Yesterday the Authority of Advance Ruling (AAR) for GST said that all alcohol-based hand-sanitisers will attract 18% GST. The authority was responding to a Goa-based sanitiser maker which had contended that the product should be taxed at 12% as it is covered under the medicament category. But the AAR ruled that although the hand-sanitisers have been listed as an essential commodity during the Coronavirus pandemic, there is a separate notification for exempted goods and services under GST laws, and alcohol-based sanitisers are not in this exempted category. The GST authority has ruled that sanitisers fall under heading 3808 of the Harmonised System of Nomenclature (HSN), the GST rate for which is 18%, and some manufactures are paying 12% GST by wrongly classifying the product under heading 3004 with 12% tax rate.
This ruling has reignited the debate on GST on essential commodities. Many people on social media criticised the government for taxing hand-sanitisers during the current situation, when this product has become one of the most essential products to combat the Coronavirus. Several people demanded that hand-sanitisers and items required in the fight against the Chinese virus should be exempted from GST, given their essential nature.
CPI(M) leader Sitaram Yechury demanded that Modi government should immediately exempt all taxes on sanitisers and other essential items to save human lives.
Atrocious!— Sitaram Yechury (@SitaramYechury) July 15, 2020
Modi government disarming people in these critical times of combating the pandemic. Immediately exempt all taxes on sanitisers & other items essential to save human lives. https://t.co/JzyvJsmeR7
Although whether hand-sanitisers should be taxed at 18% is a matter of debate 12%, the demand for GST exemption is actually counter-productive, although it may seem that prices will come down if the tax rate is zero, that is not true. This is because the GST is actually a VAT (value added tax), where tax is imposed on value added at each stage of production. Under this system, manufactures can claim input tax credit (ITC) for GST already paid on raw materials and capital goods. But if the GST of a product is nil, the manufacture can’t claim input tax credit. Therefore, the entire GST paid on the raw materials used in the product will get added to the final price of the product, which will drive up the price, instead of reducing it.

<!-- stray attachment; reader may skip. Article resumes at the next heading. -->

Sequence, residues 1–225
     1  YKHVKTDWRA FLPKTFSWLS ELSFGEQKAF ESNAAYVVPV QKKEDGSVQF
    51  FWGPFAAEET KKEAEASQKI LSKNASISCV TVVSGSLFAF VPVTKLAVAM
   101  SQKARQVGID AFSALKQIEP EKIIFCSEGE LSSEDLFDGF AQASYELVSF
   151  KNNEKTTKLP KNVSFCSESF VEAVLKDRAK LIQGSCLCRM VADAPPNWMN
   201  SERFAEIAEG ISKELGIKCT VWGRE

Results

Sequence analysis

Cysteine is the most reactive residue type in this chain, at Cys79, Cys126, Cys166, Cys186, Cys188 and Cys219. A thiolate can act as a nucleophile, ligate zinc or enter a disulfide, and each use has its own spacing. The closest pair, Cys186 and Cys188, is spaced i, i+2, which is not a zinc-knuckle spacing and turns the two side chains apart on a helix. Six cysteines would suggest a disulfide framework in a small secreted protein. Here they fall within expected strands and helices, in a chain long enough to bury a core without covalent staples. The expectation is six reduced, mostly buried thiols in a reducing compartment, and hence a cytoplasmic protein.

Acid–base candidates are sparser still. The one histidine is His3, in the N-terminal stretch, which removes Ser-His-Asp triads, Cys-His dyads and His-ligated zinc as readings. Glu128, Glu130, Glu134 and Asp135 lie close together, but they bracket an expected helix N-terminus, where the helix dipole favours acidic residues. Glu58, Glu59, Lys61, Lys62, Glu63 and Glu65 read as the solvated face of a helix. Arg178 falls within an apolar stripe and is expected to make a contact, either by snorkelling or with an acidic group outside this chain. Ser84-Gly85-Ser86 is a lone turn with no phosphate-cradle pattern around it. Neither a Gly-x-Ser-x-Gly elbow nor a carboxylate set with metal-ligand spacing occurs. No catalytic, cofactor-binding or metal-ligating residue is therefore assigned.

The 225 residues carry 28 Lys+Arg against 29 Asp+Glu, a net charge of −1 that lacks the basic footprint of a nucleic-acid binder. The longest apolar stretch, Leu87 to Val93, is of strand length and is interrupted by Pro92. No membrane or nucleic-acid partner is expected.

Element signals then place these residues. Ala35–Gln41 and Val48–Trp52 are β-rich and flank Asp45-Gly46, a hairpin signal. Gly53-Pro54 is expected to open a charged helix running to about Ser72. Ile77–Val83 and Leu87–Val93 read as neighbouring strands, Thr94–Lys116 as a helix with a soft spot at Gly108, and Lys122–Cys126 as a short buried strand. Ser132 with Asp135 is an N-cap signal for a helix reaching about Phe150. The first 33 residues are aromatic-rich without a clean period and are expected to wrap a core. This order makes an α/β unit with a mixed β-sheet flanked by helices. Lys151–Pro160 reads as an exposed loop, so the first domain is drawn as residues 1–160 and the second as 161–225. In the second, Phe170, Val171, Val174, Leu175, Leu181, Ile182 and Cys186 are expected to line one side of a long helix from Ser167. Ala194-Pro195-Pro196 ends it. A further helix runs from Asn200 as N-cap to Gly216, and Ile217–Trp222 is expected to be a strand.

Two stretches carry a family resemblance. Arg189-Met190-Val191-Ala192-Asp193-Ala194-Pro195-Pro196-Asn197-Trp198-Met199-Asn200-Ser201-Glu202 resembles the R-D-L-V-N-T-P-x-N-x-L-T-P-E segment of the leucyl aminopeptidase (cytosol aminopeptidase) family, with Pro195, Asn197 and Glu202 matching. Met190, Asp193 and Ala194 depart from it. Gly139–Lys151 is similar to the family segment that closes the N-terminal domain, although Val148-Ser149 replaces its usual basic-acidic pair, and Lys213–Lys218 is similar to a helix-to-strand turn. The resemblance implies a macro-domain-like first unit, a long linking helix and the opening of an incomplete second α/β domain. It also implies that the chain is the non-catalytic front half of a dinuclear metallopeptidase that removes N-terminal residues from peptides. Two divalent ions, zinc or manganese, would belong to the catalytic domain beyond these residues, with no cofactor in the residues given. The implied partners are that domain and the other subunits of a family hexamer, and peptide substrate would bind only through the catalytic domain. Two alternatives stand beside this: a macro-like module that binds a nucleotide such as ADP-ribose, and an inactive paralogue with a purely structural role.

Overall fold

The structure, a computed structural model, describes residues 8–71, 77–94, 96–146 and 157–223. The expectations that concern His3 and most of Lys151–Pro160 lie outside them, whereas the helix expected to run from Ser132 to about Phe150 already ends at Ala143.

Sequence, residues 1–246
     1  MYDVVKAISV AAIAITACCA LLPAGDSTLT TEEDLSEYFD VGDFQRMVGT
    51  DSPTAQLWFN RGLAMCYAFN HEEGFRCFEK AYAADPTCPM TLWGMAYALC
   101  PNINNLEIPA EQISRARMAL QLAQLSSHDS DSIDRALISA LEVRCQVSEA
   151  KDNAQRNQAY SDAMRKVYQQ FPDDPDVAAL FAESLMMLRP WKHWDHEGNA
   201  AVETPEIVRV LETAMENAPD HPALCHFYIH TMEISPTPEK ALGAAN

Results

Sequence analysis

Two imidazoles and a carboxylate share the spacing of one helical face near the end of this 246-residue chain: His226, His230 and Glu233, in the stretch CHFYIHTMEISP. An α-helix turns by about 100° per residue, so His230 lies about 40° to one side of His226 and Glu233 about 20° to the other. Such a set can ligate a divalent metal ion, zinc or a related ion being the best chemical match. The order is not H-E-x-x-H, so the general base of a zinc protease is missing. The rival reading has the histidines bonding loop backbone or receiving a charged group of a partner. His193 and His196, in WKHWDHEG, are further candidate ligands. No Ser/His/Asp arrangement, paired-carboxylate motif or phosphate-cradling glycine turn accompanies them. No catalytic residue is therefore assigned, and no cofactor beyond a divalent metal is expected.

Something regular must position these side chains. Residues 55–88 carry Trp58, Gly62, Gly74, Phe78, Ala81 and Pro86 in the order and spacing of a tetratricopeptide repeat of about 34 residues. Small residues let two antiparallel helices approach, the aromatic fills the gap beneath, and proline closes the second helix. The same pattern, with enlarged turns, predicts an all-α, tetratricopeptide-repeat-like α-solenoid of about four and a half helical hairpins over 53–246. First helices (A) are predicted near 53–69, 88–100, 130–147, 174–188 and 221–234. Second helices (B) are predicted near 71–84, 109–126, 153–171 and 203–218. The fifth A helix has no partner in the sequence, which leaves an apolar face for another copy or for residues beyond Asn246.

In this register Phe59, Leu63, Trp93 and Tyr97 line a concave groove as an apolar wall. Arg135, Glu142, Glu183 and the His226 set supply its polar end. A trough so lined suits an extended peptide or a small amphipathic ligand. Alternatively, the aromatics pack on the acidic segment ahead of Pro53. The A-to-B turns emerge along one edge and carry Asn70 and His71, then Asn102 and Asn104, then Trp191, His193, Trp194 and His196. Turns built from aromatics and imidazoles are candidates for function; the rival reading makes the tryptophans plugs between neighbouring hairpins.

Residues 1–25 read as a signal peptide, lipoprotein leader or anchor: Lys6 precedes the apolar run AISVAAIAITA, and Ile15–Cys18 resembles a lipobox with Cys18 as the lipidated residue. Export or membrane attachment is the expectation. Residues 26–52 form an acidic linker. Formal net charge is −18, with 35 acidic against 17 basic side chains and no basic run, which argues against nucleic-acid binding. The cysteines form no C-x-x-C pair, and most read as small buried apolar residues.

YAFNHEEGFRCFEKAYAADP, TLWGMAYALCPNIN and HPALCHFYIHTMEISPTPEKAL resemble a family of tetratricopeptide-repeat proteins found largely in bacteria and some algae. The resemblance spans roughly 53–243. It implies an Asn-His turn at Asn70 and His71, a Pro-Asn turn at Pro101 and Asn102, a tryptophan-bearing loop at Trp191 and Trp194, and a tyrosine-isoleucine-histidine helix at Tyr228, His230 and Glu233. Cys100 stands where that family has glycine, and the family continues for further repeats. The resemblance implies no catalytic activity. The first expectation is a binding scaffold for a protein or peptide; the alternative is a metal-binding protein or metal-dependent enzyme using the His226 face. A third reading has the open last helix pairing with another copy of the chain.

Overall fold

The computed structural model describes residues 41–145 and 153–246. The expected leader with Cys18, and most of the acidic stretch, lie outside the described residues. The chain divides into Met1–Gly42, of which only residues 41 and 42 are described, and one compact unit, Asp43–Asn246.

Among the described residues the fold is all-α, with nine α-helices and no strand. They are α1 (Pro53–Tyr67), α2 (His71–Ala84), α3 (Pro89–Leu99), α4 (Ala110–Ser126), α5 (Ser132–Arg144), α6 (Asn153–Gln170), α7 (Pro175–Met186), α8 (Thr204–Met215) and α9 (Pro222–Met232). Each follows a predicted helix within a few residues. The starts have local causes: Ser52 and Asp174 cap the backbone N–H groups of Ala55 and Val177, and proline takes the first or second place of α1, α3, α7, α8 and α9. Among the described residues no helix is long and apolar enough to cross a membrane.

Actually, this matter was already settled during the debate on GST on sanitary napkins three years ago. Responding to the growing demand for nil tax on sanitary napkins from politicians, activists and media, the then finance minister late Arun Jaitley had explained why it is not logical to do so. He had said that lots of raw materials used in napkins are taxed at 18%, which the manufactures can claim as input tax credit, while the GST on the final product is 12%. Now if the GST is withdrawn, the manufactures can’t claim the ITC for tax already paid on raw materials, which will have to be added to the selling price. This will make the sanitary napkins costlier then imported products, which are also taxed at 12%, therefore the locally made product will be at a disadvantage compared to the imported products.
The government at that time had to give in to demands from activists, and GST on sanitary napkins was reduced to zero in July 2018. But this didn’t result in any significant price reduction. While some companies did reduce price by a very small amount, many others didn’t, claiming that removal of the input tax credit has offset the benefit of 0 tax, and retained the same price.
The same calculation applies in the case of essential items like sanitisers and other such items, as prices as unlikely to come down if GST is exempted as the ITC will be blocked. Moreover, this will also increase the compliance burden for the manufacturers, as they will be required to maintain separate accounts for inputs, input services and capital goods. In case a manufacturer is not in a position to maintain separate account, they will be required to reverse the input tax credit on all inputs/ input services used in manufacture of exempted items after applying detailed calculations.
Moreover, exemptions tend to discourage domestic manufacturing and incentives imports, as the price of domestic products go up due to blockage of ITC. As there will no change in import duties, the cost of imported products remains same, while the cost of domestic product go up. Thus, if the GST is exempted, it will increase imports, which will be mainly from China.